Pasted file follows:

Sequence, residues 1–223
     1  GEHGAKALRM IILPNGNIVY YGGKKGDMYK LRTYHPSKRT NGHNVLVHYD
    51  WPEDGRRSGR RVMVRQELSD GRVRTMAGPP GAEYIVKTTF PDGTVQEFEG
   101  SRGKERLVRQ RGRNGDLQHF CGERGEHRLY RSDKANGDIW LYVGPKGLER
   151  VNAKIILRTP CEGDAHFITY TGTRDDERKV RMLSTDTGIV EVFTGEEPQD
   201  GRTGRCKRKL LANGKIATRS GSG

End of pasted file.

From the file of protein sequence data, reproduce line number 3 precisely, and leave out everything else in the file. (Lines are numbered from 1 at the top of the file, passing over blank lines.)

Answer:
    51  WPEDGRRSGR RVMVRQELSD GRVRTMAGPP GAEYIVKTTF PDGTVQEFEG